National Committee for Residential Schools holds NS community event

Click to play video: 'Residential school survivors, committee host community event in Truro, N.S.'
Residential school survivors, committee host community event in Truro, N.S.
WATCH: The national advisory committee on residential schools, missing children and unmarked burials held a community event in Nova Scotia on Saturday. As the committee continues their Canada-wide search for information on missing indigenous children, an event was organized with residential school survivors in Nova Scotia to hear their stories and carve a mutual pathway to healing. Vanessa Wright reports. – Oct 14, 2023

Healing, support and truth-telling were the objectives for a community knowledge sharing event in Truro on Saturday.

The National Advisory Committee on Residential Schools and Missing Children and Unmarked Burials (NAC) was created to provide Indigenous communities with expert information related to the search for children who never returned home from residential schools.

As they continue their ground search efforts, they’ve made it their mission to hold Community Knowledge Sharing events across Canada.

Kisha Supernant, the founding chair of the Canadian Archaeological Association Unmarked Graves Working group and a member of NAC, says the community event is a key step in their work.

“It is essential to begin any kind of work with community events,” says Supernant.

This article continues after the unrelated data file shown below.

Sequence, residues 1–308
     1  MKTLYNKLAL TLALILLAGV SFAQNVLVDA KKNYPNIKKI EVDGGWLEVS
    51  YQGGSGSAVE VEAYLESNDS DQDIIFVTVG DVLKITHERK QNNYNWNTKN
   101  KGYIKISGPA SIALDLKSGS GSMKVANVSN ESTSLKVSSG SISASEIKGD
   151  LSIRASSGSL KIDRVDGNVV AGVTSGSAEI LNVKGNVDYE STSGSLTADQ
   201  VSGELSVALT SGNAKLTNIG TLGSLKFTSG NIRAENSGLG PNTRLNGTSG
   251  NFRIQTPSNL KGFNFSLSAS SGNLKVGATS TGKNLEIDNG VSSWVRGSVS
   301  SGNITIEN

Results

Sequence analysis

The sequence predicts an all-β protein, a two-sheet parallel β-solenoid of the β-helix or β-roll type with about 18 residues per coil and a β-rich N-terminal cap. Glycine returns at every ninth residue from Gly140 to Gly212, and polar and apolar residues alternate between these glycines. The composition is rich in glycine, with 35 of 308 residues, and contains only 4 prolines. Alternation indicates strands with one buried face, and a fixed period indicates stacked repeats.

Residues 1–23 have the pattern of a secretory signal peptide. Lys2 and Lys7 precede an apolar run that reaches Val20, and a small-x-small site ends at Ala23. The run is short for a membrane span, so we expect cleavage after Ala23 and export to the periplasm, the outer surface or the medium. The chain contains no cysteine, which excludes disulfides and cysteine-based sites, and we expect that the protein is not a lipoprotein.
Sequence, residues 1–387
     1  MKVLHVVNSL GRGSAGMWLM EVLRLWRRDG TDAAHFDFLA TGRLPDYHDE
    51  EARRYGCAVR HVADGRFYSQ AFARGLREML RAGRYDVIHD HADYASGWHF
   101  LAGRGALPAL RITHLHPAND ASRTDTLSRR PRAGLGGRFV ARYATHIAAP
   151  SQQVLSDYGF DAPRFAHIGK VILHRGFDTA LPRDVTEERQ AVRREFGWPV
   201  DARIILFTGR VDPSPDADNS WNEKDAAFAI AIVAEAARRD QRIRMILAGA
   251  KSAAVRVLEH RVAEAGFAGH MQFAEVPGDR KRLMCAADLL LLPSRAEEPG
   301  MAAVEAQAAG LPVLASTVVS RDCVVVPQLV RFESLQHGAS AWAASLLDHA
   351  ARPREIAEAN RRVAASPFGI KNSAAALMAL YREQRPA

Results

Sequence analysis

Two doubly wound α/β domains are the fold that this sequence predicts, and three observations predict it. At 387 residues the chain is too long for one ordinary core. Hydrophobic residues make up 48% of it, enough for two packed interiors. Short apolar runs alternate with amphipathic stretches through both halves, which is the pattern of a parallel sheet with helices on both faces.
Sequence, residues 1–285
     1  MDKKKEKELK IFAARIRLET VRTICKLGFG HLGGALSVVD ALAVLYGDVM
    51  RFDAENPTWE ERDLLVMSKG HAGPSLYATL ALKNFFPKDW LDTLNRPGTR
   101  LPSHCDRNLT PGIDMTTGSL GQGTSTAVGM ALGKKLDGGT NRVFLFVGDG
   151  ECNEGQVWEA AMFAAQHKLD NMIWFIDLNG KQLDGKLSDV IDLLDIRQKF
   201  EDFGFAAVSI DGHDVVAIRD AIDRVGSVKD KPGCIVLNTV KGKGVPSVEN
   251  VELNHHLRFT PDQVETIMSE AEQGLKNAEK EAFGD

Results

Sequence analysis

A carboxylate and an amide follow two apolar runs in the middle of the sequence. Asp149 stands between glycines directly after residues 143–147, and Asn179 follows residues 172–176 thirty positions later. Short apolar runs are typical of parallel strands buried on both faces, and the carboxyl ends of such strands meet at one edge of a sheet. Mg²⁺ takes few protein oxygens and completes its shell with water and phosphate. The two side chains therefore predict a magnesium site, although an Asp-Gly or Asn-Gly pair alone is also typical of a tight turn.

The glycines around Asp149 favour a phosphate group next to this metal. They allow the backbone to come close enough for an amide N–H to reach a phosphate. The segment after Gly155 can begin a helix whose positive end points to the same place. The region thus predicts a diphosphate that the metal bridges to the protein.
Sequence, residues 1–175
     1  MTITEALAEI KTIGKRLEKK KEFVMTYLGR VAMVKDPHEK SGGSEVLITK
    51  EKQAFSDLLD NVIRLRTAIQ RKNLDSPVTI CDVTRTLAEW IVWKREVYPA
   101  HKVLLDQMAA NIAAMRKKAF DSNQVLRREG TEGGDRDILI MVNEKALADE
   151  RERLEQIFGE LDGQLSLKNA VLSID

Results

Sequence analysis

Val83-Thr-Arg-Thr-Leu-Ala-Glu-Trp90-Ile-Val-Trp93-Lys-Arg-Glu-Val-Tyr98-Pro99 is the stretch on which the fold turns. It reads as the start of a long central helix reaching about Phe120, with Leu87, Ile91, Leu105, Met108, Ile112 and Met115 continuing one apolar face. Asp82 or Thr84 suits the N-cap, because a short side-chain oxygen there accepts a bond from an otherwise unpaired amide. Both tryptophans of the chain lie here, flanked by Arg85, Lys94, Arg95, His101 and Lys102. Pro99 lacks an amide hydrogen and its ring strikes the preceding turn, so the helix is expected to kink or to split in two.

Kisha Supernant, a member of the National Advisory Committee, says it’s important to hold community events when doing work regarding missing Indigenous children and survivors. Vanessa Wright/Global News

“It helps us to start anything in a good way and bring survivors and their families together, to connect with each other and build that sense of collectiveness.”

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Supernant says having survivors share their stories, which was one of the objectives of the event, also helps the committee better understand their research.

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“We already know that thousands of children died at residential schools, there’s extensive archival records,” says Supernant. “But the evidence provided through ground searching can add information to that…(which) can help communities narrow-down those graves, and lead towards that healing and justice.”

Supernant also points to the need for a more national focus on residential schools and survivors, specifically in the Atlantic provinces.

“There needs to be a voice of Atlantic Canada, and especially from the lands of Nova Scotia,” says Supernant.

A focus on healing

Allan Knockwood is a residential school survivor, and a member of the National Advisory Committee.

He says for survivors, a big part of this event is truth-telling.

“However harmful or hurtful that truth may be, it has to be out there,” says Knockwood.

Allan Knockwood, a residential school survivor, says truth-telling is key in the healing process. Vanessa Wright/Global News

“There are too many kids out there that have gone missing. Too many unfound bodies in the ground still. And that’s my primary thing right now, is keeping that momentum alive so we can find all of our kids.”


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